Champions Are Not Always The Fastest In The Field

Photo Credit: Unknown

I once thought training for an event like the Olympic games or other similar elite events was more challenging than maintaining everyday health and fitness. I was wrong.

I trained for months, running over 100 miles a week in preparation for the Original Ultimate Runner Competition. This grueling competition consisted of running 10k, 400 meters, 100 meters, a mile, and a marathon, all on the same day. I worked as hard as anyone could to be ready for this challenging event. My hard work paid off when I was crowned the best all-around runner.

The key to winning the original Ultimate Runner Competition was the motivation I had at the time to become the very best all-around runner. Strong motivation and leverage are required to accomplish big goals.

After winning the Ultimate Runner Competition and retiring from competitive running, I confided in my friends that running 100 miles weekly was much easier for me than running 30 miles weekly for general fitness. The absence of a challenging and inspiring fitness goal made me feel like I was going through the motions.

I struggled to maintain my health and fitness for about three years. At one point, my weight had increased by nearly 50 pounds. Even though I was once one of the best competitive runners, I found it challenging to stay motivated to exercise daily after retiring from competition.

One day, I realized I needed to shift my focus from my fitness and health goals to helping and serving others with theirs. This was the motivation and leverage I needed to get back on track with my health and fitness journey. I knew that if I wanted to coach and assist others, I had to set a better example by improving my health and fitness. By placing others ahead of my struggles, I found the motivation to get back on track and support others in achieving their unique health and fitness goals.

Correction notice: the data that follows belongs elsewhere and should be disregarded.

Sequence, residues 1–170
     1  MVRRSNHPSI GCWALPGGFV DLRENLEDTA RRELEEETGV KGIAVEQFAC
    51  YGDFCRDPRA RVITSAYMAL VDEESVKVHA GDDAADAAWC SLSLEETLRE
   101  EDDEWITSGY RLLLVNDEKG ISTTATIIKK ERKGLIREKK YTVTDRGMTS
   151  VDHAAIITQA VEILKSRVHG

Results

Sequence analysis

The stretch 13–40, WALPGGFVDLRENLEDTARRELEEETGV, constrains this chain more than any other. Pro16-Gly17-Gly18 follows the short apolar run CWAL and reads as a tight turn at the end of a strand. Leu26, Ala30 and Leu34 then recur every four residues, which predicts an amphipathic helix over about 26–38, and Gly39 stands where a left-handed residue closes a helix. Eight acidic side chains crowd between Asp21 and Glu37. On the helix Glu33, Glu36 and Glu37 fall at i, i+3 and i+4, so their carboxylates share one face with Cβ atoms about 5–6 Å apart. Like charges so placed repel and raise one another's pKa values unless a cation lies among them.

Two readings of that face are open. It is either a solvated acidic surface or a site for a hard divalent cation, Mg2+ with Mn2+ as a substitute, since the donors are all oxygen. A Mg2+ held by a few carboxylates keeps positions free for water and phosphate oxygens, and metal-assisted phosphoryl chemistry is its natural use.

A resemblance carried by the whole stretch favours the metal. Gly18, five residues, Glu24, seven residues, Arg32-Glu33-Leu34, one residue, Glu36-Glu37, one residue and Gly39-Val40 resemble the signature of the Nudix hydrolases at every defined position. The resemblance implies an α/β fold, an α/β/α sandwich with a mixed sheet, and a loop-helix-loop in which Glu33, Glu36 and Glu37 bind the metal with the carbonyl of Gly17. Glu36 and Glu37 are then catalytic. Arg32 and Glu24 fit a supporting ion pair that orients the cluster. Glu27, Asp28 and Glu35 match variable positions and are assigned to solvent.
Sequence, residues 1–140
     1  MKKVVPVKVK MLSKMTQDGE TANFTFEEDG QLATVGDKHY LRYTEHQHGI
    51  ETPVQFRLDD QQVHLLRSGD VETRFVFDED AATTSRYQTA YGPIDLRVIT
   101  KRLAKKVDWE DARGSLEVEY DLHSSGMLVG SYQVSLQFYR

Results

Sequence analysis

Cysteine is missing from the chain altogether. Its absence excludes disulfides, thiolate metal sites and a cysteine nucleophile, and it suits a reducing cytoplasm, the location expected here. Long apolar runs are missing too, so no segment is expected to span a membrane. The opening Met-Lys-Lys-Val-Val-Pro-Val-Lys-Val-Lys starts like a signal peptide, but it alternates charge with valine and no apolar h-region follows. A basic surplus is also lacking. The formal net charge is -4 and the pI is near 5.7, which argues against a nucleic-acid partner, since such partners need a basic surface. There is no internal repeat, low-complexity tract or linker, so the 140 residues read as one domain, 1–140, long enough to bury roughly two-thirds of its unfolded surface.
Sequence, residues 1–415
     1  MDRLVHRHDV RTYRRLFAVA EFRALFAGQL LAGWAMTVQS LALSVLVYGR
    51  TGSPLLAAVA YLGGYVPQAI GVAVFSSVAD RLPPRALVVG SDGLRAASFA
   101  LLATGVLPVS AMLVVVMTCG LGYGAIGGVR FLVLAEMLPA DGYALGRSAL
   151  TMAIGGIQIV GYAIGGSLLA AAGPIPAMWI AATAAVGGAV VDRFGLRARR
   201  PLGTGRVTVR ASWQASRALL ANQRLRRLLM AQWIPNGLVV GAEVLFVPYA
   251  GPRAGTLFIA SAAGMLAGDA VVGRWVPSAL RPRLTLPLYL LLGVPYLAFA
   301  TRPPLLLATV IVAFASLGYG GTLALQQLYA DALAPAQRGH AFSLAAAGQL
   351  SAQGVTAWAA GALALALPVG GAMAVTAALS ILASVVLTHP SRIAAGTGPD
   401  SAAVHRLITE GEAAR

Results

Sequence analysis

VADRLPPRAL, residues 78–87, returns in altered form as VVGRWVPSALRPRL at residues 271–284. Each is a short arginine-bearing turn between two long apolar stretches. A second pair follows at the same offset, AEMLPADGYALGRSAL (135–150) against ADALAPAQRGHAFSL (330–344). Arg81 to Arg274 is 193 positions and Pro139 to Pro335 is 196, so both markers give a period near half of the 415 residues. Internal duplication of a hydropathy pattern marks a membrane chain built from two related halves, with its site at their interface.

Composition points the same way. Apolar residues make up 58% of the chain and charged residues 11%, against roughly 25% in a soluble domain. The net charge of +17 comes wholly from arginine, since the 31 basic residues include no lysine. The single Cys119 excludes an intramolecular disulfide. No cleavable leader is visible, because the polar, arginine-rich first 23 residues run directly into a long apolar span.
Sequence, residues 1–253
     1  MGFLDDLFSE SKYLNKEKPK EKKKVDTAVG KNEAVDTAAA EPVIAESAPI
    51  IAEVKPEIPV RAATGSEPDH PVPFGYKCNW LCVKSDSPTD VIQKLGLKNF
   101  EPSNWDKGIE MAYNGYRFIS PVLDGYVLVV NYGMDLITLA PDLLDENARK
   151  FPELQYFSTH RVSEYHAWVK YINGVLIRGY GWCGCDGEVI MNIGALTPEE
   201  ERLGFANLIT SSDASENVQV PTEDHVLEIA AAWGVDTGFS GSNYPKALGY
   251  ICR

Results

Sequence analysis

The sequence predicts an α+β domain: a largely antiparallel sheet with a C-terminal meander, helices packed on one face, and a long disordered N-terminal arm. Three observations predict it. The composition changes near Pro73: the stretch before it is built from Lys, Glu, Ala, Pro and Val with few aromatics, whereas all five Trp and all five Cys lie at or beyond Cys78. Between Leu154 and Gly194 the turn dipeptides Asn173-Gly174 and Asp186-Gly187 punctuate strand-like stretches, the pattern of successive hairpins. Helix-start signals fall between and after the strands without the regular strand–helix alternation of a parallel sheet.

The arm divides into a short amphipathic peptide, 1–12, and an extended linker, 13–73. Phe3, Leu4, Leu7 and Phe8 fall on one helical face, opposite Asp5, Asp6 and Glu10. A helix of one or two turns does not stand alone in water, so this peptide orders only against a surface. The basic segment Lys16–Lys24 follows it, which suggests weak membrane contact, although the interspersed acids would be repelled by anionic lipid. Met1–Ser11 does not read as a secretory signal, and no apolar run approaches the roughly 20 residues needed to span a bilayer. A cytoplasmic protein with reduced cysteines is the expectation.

A True champion stays committed to their health and fitness goals for the long term. They do this not just for themselves but for a greater purpose. Making a daily commitment to health and fitness year after year is what defines a champion in many ways.

To me, a champion includes someone who takes the time to work out regularly to have more energy to spend with their kids. I am equally inspired by a person who works hard to have a better life with their family as I am by an Olympic champion. Parents who set an example of fitness and health for their children to follow inspire me. Additionally, people who run and exercise to prevent various diseases and health issues often accompanying aging also motivate me.

I have coached many champions who excelled in their respective events. However, two particular champions come to my mind, and they never even came close to winning a race. One of the women I coached lost over 100 pounds, and she has successfully kept the weight off for more than 30 years. Another young man lost around 80 pounds, which positively transformed his life.

You don't have to be an Olympic champion or the best at an event to find satisfaction in your daily workouts. Find a meaningful goal, and you'll discover the motivation to stay healthy and fit.

I'll see you at the finish line!


Coach Weber 

Philippians 4:13